14OCT2010 – MSY – I should have known it wouldn’t be that easy to leave New Orleans…
The piece of paper that sent me down here in the first place clearly stated that I was to be “(*)repeatedly stretched to the breaking point, ground into paste, ingested and excreted from the assholes of both September and October for a period of no less than sixty days at the leisure of the King of Hawaii for no good goddamn reason at all.” That I should find myself in the departure lounge, boarding pass in hand forty-four days later is a lucky break, and I have no true business staring into the mouth of a gift horse.
I arrived at Louis Armstrong International only to discover that my 1130 flight back to LaGuardia had been canceled, and the next one wouldn’t depart until almost 17 p.m., getting me home at 21 p.m. Lesser men would have screamed, possibly taken hostages. And still others might have hailed a cab and headed back out in search of debauchery.
But in some weird and admittedly perverse way, this makes me happy. I’ve got the entire gate to myself, I’ve got a seat next to an outlet, and I came prepared: laptop, iPhone, headphones, journal, Sharpies, a brand new copy of Cory Doctrow’s “Futuristic Tales of The Here and Now”, a lightning fast Wi-fi connection, and a damn good cup of coffee.
Pending a zombie invasion, a Die Hard-esque shootout between a burned-out cop and Ze Germans, a colicky baby or some other natural disaster: I’m aces, thanks for asking.
One hour till departure: Seat near the window, bonus! Listening to: Dead Can Dance, Led Zep, Deftones. Charging: my gadgets. Checking: my email. Watching: Several hundred tons of taxi gather the much-needed speed to fuck its way into the unresisting sky. Gravity, lift, drag, and thrust. Peanuts and Sprite. Over and over, these common theme of my travels. All those people, all those aliens, all those dress shirts.., (X) ft of white headphone cord, and (Y) lbs worth of “Compounded Negative Body Issue Monthly” being spread like a fucking virus, their once-glossy corners now gently bent and fetal against the protective interior leather of designer carry-ons.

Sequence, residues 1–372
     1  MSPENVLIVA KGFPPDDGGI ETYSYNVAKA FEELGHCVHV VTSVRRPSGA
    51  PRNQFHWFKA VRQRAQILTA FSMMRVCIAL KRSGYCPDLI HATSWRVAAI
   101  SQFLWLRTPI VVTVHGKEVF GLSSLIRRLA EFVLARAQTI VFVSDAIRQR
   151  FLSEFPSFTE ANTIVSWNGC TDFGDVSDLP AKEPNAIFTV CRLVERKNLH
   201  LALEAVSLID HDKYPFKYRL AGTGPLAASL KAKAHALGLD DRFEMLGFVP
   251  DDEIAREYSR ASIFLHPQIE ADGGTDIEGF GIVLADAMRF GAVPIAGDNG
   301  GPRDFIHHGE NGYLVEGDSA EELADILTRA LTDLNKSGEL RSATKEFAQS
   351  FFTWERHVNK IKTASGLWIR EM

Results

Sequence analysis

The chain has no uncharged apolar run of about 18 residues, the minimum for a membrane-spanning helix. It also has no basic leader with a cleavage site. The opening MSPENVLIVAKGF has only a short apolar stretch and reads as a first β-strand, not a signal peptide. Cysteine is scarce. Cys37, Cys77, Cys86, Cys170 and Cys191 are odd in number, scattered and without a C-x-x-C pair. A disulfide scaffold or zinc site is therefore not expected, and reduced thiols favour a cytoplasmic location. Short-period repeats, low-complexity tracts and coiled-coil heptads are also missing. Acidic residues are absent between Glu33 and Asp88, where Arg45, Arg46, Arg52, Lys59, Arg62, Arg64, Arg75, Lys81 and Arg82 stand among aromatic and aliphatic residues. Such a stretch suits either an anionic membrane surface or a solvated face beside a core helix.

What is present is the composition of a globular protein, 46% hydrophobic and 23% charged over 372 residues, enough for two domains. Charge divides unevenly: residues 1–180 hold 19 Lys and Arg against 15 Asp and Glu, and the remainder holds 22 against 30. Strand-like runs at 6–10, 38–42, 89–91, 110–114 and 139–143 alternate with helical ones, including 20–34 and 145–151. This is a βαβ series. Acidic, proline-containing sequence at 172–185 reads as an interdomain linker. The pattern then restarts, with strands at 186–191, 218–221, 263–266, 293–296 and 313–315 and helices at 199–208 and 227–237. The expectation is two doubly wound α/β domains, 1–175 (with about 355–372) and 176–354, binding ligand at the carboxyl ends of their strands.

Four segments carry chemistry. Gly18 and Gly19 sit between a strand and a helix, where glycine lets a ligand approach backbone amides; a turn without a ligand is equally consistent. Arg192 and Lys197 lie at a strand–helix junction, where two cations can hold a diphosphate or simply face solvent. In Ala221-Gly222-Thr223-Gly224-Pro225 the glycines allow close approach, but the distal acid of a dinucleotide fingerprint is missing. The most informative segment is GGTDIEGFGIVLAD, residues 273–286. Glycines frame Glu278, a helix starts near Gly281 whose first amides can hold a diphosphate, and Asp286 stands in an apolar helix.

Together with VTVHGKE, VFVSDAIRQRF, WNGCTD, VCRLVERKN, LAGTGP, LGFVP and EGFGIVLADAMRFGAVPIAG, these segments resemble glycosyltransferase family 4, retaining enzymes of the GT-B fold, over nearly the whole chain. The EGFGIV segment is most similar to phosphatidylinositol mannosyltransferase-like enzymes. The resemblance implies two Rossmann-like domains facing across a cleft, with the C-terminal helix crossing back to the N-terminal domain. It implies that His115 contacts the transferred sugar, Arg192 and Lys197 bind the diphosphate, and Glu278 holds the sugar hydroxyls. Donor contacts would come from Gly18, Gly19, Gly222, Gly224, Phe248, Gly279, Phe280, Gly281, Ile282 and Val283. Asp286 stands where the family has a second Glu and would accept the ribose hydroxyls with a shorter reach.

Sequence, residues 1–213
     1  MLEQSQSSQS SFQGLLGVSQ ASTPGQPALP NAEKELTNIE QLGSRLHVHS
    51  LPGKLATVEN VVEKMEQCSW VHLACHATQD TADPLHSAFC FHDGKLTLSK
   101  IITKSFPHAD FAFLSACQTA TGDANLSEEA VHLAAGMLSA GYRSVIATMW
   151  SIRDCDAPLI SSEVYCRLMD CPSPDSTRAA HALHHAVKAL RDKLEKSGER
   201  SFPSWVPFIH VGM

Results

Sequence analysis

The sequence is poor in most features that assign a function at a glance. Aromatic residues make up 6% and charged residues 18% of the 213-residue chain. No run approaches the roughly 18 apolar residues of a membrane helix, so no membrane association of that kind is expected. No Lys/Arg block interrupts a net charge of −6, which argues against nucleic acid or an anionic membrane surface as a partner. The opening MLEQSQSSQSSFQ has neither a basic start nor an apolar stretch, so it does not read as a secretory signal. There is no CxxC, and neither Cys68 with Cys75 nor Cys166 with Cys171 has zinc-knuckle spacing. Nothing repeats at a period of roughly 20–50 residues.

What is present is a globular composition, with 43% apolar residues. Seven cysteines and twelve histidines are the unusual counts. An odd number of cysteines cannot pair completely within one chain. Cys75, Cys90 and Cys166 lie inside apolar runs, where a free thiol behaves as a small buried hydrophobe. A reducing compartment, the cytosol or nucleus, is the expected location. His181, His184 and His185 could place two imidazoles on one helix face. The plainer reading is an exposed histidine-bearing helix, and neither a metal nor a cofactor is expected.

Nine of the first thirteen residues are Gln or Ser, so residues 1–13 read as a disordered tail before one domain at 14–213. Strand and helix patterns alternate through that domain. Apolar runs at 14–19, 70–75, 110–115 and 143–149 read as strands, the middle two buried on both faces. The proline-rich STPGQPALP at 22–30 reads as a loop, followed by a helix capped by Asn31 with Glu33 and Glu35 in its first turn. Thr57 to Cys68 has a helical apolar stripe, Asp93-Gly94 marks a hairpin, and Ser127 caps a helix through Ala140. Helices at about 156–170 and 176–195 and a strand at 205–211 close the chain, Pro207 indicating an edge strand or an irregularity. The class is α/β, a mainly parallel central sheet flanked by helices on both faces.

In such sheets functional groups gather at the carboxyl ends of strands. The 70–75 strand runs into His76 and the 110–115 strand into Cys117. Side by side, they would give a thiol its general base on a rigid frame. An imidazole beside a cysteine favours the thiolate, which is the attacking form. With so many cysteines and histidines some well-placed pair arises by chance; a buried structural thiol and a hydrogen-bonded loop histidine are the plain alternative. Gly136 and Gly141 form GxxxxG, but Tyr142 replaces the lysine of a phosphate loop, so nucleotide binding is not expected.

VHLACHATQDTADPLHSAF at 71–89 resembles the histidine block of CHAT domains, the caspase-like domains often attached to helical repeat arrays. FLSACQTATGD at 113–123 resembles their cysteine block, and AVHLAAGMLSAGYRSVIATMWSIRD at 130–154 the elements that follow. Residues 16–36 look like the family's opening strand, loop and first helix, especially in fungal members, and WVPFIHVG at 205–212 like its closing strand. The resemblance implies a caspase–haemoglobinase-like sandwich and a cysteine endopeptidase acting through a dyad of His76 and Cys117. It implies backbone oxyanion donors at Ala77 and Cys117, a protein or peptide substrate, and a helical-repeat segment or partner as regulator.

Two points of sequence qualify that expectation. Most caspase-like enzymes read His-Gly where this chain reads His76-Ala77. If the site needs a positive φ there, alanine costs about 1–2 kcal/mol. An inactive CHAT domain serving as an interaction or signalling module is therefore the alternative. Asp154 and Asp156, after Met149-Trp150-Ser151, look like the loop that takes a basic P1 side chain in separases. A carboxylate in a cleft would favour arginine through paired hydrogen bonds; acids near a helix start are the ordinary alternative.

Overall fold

My eyes move around the room, mining the details, but wholly unable to keep pace with the flow of arriving passengers, the rolling rectangles, the designer sunglasses and three thousand other items of little to no consequence. It makes me wish I could sketch. Finally, my oculars come to rest on the matched set of thigh-high silver cylinders guarding the entranceway to Charlie Sixteen, my home of record for the next hour.
Trash cans they are, and trash cans they will stay. When one finishes ones damn good cup of coffee, one is expected to do the decent thing and force the empty paper cup into the mouth of said cylinder, where it will tumble briefly southward before coming to rest in the whispered clutches of a petroleum-based, quasi-disposable stomach lining, later to be gutted and gathered by minimum wage taxidermists whose first language is probably not English.
Look at the trash can, now look at me, NOW BACK TO THE TRASH CAN:
Out of sight, out of mind. But when you throw something away, what does away really mean? The more I stare at the cans, the more I begin to see them as something else, slowly rebuilding them in my head, swapping the plastic intestines for something else:
Suppose that when you tossed a piece of trash into the can, it was instantly incinerated, and that the energy extracted from the incineration process went toward creating the energy required to incinerate the next piece of trash, and so on, and so forth. How far ahead in our technological evolution would we have to be to pull off a stunt like that? Get back to me on this.
There’s my flight,